When I graduated and got a job, I didn’t have many gender related incidents when dealing with people in real life fortunately, stereotypical examples of microaggressions happened but nothing terrible. Eventually I got used to responding to “she” since who else could your co-workers be talking about, if you’re the only women in the room most of the time.

When I felt I had enough experience and free time I started mentoring and doing what I can to “change the ratio.” A lot of this came from the motivation that I really do think homogenous thought is artificial and makes worse teams. I take the two-fold approach:
1. Volunteering to instruct young girls to be interested in STEM. I highly recommend working with Girls Who Code. I’ve learned a lot working with teens and trying to make them feel a bit more guided through the rough intro process so hopefully they can have a bit of a head start and not feel so overwhelmed when starting college.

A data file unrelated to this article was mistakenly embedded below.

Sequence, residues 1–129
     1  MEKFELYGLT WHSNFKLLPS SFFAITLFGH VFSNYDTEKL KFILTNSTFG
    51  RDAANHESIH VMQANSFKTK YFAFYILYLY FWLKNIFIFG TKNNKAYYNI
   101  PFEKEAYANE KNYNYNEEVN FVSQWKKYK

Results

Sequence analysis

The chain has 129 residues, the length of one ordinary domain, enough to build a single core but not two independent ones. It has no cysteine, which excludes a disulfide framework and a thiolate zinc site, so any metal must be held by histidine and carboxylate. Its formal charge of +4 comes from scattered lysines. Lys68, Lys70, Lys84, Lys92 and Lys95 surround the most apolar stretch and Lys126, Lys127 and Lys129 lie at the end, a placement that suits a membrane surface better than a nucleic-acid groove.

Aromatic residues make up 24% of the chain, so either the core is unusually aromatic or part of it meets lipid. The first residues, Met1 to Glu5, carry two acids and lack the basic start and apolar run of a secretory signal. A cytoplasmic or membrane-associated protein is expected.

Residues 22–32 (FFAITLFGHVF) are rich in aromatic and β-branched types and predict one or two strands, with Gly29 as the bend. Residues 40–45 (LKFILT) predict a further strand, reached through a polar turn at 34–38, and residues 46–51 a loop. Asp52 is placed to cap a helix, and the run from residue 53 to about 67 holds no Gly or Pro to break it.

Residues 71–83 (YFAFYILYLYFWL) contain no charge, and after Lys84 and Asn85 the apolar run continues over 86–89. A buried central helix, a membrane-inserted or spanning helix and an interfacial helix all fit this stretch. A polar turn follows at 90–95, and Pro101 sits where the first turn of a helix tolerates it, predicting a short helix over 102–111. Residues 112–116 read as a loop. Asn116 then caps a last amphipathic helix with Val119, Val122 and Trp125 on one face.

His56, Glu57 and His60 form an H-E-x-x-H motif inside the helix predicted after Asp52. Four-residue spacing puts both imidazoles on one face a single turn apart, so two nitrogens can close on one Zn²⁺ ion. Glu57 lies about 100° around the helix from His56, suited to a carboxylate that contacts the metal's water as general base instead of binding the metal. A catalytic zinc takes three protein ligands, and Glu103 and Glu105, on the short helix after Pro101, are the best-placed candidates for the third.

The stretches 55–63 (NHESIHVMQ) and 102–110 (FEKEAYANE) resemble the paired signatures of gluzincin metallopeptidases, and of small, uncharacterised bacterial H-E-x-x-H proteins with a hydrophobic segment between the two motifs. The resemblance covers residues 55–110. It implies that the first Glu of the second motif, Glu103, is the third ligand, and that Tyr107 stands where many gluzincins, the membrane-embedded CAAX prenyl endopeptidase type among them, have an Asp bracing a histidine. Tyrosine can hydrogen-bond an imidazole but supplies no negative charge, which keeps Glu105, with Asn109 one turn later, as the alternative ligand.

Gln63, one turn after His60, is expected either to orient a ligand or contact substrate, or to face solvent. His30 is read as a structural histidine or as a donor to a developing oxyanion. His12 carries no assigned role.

2. Trying to get my women co-workers talking more. Something as simple as an e-mail alias really demonstrates how the “right to assemble” helps to get people discuss ideas and help each other with any problems that might be encountered since it might be a shared experience.

Feel free to contact me if you are one of those people that do have more anecdotal questions… just don’t ask me “how to solve sexism” there are plenty of blog posts written by smarter people on steps towards that goal, it’s complicated and will require us all to work together.